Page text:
Finally, I am able to complete my Greece Holiday posts with Part 8. This is my most exciting post, as you may all know, I am writing a Young Adult, Historical Fiction Novel, based on the island of Lesvos during the Classical Period. Lesvos has two spellings, its modern one, and its ancient one with a b, instead of a v, depending on the pronunciation.
When I was on the island, I had all these plans to go see these amazing archaeological sites I had been doing my research on, so that I was able to create my own map of the island, and get a feel of the place and setting I was writing about. I got so many tips and outlooks of being there: from the singing cicadas, the heat from the sun, the cool, windy nights, the fresh springs, the beautiful beaches, and the ancient sites that tore at my heart, as I wanted to know more, wanted to see more of this island my grandparents were from.
The first archaeological site I will talk about is the Messon Sanctuary. The Lesvians have fixed the area, making it a commercialised place for tourists to come and visit, however, sadly, to my dismay, they had stopped selling books and pamphlets about the site – I had been collecting so many of these when I was island hopping, for my research. The place has been well preserved, and is well known throughout Lesvos.
I went to Ancient Pyrrha, and after my visit, I wrote a poem about my experience, which I am hoping to one day publish, when I edit it, and get the theme across. I was amazed that not a lot of the locals understood the beauty of the region, and the fact that there was an ancient city buried under the ocean! When I walked along the beach, craving to go see the acropolis of Pyrrha that was across the beach, on top of a hill, on a different side of the island, that the locals called, Red Rock, it was hard to understand if this was the actual place of the acropolis. At the beach, there was a restaurant set up for visitors that went there, but apart from that, no excavations of the area have been undertaken; Pyrrha lies under the water, her city amongst the sand of time. When my boyfriend and I hiked our way to the acropolis, and mind you, we never made it there because of the putrid waste that was dumped in one section of the beach, every step we took we were walking on artefacts of rocks and pottery. Here are a couple of pottery shards that we collected – I was so excited when we found these!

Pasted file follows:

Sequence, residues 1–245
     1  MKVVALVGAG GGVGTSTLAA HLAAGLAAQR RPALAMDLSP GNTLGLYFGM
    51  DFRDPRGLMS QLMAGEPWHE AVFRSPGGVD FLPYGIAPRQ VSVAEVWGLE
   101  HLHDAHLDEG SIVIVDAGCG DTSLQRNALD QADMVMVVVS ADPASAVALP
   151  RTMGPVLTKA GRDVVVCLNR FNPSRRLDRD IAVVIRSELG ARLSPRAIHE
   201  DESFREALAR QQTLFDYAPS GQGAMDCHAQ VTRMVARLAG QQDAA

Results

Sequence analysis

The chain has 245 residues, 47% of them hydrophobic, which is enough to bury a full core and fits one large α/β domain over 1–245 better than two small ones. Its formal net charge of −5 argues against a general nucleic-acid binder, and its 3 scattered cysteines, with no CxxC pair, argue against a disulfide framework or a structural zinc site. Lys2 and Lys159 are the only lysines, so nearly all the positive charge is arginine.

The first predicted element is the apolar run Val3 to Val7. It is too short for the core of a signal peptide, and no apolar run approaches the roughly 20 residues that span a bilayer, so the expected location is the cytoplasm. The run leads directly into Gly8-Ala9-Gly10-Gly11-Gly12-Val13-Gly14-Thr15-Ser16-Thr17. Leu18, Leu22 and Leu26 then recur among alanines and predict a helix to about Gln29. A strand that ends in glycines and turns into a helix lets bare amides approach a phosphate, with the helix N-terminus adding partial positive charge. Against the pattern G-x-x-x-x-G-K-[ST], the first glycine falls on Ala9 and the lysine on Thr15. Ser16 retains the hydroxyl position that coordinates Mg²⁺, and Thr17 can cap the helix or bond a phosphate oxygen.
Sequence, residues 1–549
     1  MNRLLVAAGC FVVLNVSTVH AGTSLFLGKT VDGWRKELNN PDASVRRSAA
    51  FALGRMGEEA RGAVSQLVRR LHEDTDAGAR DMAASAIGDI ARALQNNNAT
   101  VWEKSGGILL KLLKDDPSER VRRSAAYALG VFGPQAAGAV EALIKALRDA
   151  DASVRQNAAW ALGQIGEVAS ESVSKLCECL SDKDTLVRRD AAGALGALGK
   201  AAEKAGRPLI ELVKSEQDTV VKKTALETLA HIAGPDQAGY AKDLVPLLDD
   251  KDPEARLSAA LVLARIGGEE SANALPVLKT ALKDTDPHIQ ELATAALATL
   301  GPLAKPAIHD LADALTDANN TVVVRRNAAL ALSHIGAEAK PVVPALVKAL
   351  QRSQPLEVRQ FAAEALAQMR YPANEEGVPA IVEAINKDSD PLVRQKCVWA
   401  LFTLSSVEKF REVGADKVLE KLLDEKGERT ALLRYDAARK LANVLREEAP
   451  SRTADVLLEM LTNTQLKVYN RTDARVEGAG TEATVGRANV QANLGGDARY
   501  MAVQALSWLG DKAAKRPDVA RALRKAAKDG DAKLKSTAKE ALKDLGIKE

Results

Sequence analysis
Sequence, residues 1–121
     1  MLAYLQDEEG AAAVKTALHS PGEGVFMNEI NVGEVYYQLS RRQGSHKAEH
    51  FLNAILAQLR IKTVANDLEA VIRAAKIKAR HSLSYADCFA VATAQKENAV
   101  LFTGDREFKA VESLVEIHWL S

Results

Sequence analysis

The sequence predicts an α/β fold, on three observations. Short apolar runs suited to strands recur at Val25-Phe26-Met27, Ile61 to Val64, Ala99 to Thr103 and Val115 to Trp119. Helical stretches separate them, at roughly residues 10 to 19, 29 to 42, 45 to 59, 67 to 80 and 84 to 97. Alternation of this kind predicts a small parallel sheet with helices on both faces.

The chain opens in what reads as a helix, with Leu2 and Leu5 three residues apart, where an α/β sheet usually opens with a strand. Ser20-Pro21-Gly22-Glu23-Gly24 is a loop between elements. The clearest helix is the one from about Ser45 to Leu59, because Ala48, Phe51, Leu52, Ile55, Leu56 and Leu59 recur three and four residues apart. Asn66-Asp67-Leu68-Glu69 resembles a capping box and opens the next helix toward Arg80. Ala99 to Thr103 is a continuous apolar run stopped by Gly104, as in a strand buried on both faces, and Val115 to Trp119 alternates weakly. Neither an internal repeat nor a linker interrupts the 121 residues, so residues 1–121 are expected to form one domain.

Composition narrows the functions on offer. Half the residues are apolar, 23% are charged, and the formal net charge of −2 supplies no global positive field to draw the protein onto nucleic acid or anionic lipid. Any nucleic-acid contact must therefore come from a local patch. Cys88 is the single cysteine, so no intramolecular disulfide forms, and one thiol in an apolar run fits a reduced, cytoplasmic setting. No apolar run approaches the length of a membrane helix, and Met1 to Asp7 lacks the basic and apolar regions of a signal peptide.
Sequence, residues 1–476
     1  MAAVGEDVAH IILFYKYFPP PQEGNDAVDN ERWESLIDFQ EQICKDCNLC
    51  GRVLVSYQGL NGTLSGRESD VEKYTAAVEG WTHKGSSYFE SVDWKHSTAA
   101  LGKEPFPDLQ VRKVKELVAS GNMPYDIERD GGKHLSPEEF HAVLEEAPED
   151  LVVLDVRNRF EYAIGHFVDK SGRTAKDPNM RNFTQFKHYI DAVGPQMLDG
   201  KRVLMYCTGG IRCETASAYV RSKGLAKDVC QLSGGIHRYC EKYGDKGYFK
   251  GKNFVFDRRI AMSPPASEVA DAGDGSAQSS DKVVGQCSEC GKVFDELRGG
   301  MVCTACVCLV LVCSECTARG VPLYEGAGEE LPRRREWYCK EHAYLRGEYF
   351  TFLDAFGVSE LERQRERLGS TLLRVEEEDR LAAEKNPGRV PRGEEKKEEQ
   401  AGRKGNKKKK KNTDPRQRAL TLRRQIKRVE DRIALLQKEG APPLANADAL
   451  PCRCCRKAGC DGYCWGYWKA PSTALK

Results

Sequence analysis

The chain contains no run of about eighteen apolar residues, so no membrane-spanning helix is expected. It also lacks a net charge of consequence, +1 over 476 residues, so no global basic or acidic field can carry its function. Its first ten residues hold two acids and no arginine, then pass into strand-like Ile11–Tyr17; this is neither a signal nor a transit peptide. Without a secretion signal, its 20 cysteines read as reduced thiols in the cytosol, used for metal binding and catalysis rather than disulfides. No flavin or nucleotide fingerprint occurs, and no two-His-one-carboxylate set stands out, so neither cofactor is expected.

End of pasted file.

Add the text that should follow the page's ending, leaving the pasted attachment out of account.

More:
Next up, is the Klopedi Sanctuary – one of my favourite visits when I was on the island. The only way to get there is by hiking on a dirt road from Agia Pareskevi, trusting that you could read the limited signs along the way, hoping that you were heading in the right direction with little water because you didn’t realise how long the track would take on foot. When we got there, I was amazed that the locals were making it into a commercialised place for tourists to come and visit in the future, when everything was completed. One day, when I return back to Lesbos, I cannot wait to go back to the sanctuary and see how the archaeological site has developed.
Lastly, are Mithymna and Eressos. When I visited Molyvos, in ancient times it was known as Mithymna, one of the daughters of King Makareus, I was astonished that there were patches of archaeological sites in different parts of the city. Here is one that we passed by, but I only went to Molyvos at night, so I was unable to see more of the area. Like I said, when I go back, I cannot wait to explore more of the island and what it has to offer me. And finally, Eressos, or now known as Skala Eressos – I only went to the beach here, but was unable to see the archaeological site, so like the other places, I will need to visit this site. It was hard to do anything on the island unless you drove your own car; but that means driving on the different side of the road – yikes!
Oh, and I have not mentioned Arisvi – she is an unknown ancient city of Lesbos, that many of the locals do not know about because she was destroyed during the 5th century by the Mithymnaeans, and hence forth, this is where my Third Novel comes in. I wanted to visit the archaeological site, or what I have read online, traces of what is left of it, but none of the locals understood where it was, because it was not commercialised or well-known like the Messon and Klopedi Sanctuary. It is hard to understand how much research and digging in books I needed to do to find out about this place, and try and find an archaeological site map of the area; but that is another story to tell in the future. Nevertheless, one day, yes, one dear day, I will visit Arisvi, and see the fallen columns of her city.
Till next time,